Optimizing cold chain operations with LoRaWAN
The combination of LoRaWAN networks, advanced sensor and tag technology, and scalable cloud-based monitoring platforms provides a modern, integrated, and cost-effective approach to modernizing cold chain infrastructure
As published in Food Safety Strategies
In the agriculture market, sensor data is enabling farmers to operate more effectively. The rollout of rural wireless networks and the adoption of connected devices with new and innovative sensing technologies are helping to increase crop yields, improve livestock management and better allocate resources. Air and soil sensors, for example, are providing farm owners with real-time data that allow them to optimize growing conditions. Smart irrigation systems are minimizing water loss. And field management and vegetation control systems are enabling farmers to monitor the state of their crops, providing real-time data that can be used for accurate harvest forecasting and improved crop quality.
The benefits delivered by these Internet of Things (IoT) network and sensor technologies don’t stop at the farm. The same underlying technology used in the field can be leveraged to enhance delivery services, and ultimately contribute to process automation in which harvested perishable goods and fresh foods can be delivered based on real-time supply and demand. Being able to accurately track goods and assets as they move through the supply chain is allowing farmers, distributors, and retailers to work together in new ways to meet the world’s food demands while safeguarding public health and protecting the environment.
Monitoring and reporting temperature at all stages of the supply and distribution process, in particular, is a critical aspect of reducing food waste and enhancing food safety. Even a brief interruption in temperature can lead to waste, the risk of foodborne illnesses, and a failure to meet industry regulations. In fact, improving cold chain infrastructure is noted by the Commission for Environmental Cooperation (CEC) to be one of the key ways to reduce food loss and waste which is reported to be 1.3 billion tons globally, on an annual basis.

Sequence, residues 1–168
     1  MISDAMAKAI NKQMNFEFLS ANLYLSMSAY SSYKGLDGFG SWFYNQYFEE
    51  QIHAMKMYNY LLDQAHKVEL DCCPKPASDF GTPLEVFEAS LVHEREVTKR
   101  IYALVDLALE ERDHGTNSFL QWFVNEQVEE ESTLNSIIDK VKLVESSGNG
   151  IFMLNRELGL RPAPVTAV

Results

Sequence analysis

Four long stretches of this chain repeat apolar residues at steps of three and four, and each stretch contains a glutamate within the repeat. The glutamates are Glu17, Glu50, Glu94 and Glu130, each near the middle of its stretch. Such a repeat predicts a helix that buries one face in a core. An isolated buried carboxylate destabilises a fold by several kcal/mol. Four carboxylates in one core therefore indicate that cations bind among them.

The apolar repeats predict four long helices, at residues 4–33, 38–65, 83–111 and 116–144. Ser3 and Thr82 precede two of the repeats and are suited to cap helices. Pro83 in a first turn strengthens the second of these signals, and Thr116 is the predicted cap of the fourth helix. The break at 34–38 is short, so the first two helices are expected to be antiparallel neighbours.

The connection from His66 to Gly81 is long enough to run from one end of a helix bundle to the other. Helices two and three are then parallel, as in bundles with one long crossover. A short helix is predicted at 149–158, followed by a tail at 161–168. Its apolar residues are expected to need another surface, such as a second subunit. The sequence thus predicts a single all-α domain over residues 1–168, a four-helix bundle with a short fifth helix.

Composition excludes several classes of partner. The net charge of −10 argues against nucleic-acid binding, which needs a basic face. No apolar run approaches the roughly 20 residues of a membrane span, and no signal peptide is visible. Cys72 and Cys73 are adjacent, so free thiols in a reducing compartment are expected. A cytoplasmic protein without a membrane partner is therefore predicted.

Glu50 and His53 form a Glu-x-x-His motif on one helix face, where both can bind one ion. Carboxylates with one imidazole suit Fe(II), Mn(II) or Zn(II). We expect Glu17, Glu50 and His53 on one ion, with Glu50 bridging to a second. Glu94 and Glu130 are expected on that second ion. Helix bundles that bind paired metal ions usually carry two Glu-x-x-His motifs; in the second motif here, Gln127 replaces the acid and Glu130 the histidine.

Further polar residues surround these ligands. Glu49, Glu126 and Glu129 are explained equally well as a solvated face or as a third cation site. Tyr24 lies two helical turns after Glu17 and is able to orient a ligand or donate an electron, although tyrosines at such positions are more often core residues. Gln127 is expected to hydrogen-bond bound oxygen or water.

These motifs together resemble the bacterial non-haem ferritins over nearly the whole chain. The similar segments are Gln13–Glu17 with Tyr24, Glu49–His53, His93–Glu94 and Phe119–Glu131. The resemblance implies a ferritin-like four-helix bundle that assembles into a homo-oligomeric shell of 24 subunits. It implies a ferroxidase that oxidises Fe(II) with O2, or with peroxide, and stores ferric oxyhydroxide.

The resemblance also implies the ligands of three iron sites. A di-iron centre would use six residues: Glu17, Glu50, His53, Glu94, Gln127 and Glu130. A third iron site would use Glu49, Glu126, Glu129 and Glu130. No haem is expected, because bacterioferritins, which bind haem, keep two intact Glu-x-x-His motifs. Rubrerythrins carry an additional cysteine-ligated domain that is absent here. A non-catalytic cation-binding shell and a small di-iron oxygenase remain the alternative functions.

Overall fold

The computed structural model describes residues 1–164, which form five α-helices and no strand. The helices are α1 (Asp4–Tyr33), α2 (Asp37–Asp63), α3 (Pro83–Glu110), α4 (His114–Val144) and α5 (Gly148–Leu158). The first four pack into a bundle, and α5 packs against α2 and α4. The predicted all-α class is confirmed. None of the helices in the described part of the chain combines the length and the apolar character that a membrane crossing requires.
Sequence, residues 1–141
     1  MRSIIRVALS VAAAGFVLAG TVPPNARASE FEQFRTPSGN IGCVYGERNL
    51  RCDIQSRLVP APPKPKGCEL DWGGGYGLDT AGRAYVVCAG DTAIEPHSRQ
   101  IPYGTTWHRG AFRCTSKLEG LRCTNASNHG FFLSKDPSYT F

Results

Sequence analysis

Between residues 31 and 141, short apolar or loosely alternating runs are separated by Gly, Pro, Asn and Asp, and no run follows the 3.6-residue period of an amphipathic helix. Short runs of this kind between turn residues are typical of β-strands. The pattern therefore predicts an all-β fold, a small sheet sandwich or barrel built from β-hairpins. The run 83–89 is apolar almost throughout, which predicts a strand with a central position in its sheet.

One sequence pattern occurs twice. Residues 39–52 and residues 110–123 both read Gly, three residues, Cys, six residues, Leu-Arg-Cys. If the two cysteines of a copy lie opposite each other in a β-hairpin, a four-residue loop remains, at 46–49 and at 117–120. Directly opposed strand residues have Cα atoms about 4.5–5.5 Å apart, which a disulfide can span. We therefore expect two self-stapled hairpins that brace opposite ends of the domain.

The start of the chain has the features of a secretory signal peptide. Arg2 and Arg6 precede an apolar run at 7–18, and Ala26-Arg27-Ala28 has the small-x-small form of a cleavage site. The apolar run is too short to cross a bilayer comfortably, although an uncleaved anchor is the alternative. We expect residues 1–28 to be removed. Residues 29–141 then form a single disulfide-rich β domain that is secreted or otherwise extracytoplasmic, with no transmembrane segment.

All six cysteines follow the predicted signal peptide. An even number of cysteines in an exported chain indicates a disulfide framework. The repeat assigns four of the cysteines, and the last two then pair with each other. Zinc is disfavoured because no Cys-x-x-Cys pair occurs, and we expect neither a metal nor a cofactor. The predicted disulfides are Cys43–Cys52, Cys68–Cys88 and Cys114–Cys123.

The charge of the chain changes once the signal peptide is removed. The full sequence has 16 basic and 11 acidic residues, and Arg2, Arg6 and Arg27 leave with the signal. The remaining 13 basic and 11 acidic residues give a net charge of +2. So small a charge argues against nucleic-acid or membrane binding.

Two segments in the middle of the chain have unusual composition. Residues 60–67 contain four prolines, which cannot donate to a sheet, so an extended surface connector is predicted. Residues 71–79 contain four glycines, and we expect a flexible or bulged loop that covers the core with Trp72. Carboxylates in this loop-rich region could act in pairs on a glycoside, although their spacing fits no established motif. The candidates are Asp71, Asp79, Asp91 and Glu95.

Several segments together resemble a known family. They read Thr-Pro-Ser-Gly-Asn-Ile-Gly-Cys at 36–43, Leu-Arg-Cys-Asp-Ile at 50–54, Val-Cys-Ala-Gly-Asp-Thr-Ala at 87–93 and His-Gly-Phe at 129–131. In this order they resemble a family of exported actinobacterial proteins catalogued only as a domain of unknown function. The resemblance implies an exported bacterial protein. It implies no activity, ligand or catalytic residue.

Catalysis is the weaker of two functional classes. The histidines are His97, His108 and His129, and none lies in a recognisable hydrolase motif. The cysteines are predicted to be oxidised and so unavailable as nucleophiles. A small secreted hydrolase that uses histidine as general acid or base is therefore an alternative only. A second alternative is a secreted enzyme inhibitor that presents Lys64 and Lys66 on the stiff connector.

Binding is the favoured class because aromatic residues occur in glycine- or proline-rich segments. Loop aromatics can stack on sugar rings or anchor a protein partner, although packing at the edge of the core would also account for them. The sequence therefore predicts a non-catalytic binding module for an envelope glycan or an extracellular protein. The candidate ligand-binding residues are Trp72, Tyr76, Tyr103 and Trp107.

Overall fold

An ideal wireless technology for cold chain and location monitoring (and the above-mentioned farming solutions) is LoRaWAN, a Low Power Wide Area networking protocol characterized by low-cost, long-range connectivity and low data rate transmission which extends the life of battery-operated sensors. Partnering to deliver LoRaWAN cold chain applications are companies such as Senet and NanoThings. Senet operates the largest LoRaWAN network in North America and NanoThings has developed long-range temperature tracking smart labels and a platform for temperature monitoring, cold chain management, and intercompany communication. Combining the affordability and a small form factor of NanoThings’ NanoTags with network connectivity from Senet offers customers autonomous temperature monitoring and touchpoint tracking that has the potential to transform how data on perishable goods is collected and used throughout the retail supply chain.
This combination of IoT networks with flexible deployment models (available in public, private or semi-private configurations), advanced sensor and tag technology, and a scalable cloud-based monitoring platform provides a modern, integrated, and cost-effective solution to an industry bogged down by archaic, cumbersome, and costly technologies and processes.
Although passive monitoring devices such as data loggers are commonly used within the cold chain, companies moving to real-time solutions are able to take preventative action instead of reacting to mechanical failures, delivery delays or human error. With today’s cloud-based platforms, data for a single shipment or the entire supply chain can be viewed on-demand to support 24/7 monitoring and response operational services. Reporting and data analytics can be easily accessed, shared between required parties and analyzed to help drive future process improvements.
Using sensors, tags and other wireless technologies to track assets and goods through the global supply chain is one of the fundamental use cases for the Internet of Things. It is also one of the most impactful, with trillions of dollars of economic value being generated by the delivery of goods to consumers. Further modernizing the supply chain with new and cost-effective, easy-to-deploy wireless technologies is providing unprecedented efficiency, not just for large manufacturers, but also for producers, distributors, and retailers of any size.